I’ve said before that Jane’s narrative voice was ‘damn fucking beautiful’, so I’ll elaborate here. I have genuinely not read a first person narration that allowed me to understand the character in this much depth and detail before. Jane is an amazingly fully fleshed out character and she tells her story beautifully; even when I didn’t agree with her actions or would do a different thing myself, I could understand completely why she would make them. She also acknowledges her faults – and the faults of those about her – without ever falling into angst, self pity, or petty bitching that so often seem the hallmarks of first person narration. She might seem passive and mild when first compared to other women in the story, but she’s as passionate as any of them and braver and more decisive to boot – she’s just less showy about it. The action she takes partway through the book would have won me over to her completely, had I not already been on her side, for the sheer guts of it.
It’s a genuinely brave and unselfish decision and it leads to some real suffering – not least to her meeting with the absolutely vile St John Rivers. While I was underwhelmed by Rochester (according to my edition’s afterword one of the strongest characters in English literature) I was overwhelmed by St John. Whilst I flagged in my reading of the Thornfield chapters I could not put the book down in this later section, so fueled was I by my desire to see St John get thumped – unlikely as I knew it was to happen. I haven’t hated a character this much since Theon Greyjoy (which was admittedly only last month) and I hate St John even more than him. Jane might have some affectionate words to say towards his better qualities but I have none; for someone who purports to be doing god’s work he’s a cynical, bullying, selfish, hypocrite and I don’t believe he has any redeeming qualities at all. That Charlotte Brontë makes the man who’s lived a life of sin and cares more for himself than others the hero, and the missionary vicar who puts aside love for duty an emotionally abusive villain is one of the best twists in the book.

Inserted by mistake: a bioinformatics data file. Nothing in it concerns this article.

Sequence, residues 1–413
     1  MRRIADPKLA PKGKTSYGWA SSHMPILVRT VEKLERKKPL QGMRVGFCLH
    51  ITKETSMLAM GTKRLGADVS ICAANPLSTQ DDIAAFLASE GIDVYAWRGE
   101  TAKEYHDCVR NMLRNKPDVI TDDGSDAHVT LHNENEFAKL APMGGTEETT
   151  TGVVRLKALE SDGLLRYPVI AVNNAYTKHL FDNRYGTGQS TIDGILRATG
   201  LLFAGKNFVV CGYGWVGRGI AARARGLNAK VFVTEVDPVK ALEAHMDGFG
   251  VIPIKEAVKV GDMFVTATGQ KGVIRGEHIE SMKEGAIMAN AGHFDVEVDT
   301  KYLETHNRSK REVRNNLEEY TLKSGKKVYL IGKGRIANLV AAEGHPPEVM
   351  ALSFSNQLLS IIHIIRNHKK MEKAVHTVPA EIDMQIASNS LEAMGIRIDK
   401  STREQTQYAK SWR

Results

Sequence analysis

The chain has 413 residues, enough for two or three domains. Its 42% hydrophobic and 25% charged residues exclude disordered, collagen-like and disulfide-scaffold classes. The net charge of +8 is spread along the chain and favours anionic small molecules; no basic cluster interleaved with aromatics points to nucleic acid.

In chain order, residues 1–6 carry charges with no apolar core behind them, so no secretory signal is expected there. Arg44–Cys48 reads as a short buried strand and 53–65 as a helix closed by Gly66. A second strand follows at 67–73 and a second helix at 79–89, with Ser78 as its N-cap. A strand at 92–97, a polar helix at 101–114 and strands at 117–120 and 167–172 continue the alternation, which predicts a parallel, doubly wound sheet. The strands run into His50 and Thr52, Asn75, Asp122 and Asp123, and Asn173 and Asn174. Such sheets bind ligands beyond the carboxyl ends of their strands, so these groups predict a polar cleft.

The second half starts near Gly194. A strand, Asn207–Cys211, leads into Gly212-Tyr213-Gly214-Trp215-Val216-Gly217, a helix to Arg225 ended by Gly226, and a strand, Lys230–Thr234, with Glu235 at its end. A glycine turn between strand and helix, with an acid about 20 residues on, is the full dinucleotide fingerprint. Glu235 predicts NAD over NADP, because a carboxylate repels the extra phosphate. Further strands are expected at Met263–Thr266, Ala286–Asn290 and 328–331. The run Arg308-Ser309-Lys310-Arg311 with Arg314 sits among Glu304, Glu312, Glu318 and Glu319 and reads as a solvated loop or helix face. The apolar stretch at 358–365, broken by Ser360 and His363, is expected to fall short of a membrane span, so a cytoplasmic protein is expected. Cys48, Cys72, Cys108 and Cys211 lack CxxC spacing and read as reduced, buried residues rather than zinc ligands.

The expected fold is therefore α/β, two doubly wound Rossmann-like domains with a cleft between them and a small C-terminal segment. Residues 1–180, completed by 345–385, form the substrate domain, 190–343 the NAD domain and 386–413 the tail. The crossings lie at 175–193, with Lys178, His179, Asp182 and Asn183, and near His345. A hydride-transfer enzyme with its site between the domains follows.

And it’s a book surprisingly full of social issues – not just the difference between preaching a Christian life and actually practicing it (St John’s not the only vicar attacked for that) but the treatment of orphans and te vulnerable, the shameful Victorian cost-cutting measures taken at the expense of human lives, the way higher classes (even Jane, on occasion) look down on the poor, the difficulty for a woman to exert her independence in a male dominated society. It brings up traditionally villanous or buffoonish traits – alcoholism, sexual temptation, infidelity and treats them sympathetically. Jane’s a moral character but even she does not see things in black and white – that’s a trait solely reserved for the hypocrites on the book (just like in real life). I will say that there is some unfortunate but generally mild ‘England is best, ra ra!’ patriotism (mostly at the expense of the French) and I don’t like the implication Rochester, at least, makes that Jane is the paragon of womanly virtue and any woman who doesn’t have all of her qualities is deficient – but I can accept that the character has that opinion.
The treatment of a certain character does distress me, and I will be reading Wide Sargasso Sea – a prequel by another author depicting Rochester’s early life – as soon as I’ve finished my massive to-be-read pile, to see another angle than the one portrayed in Jane Eyre. But I’ll save my discussion on this aspect for people I know have read the book.
In short though and without getting into spoilers, I thought this was a wonderful book with a quietly charismatic narrator and, despite not loving it enough for five stars I really enjoyed it and will be putting the rest of Charlotte Brontë’s books straight onto my wishlist.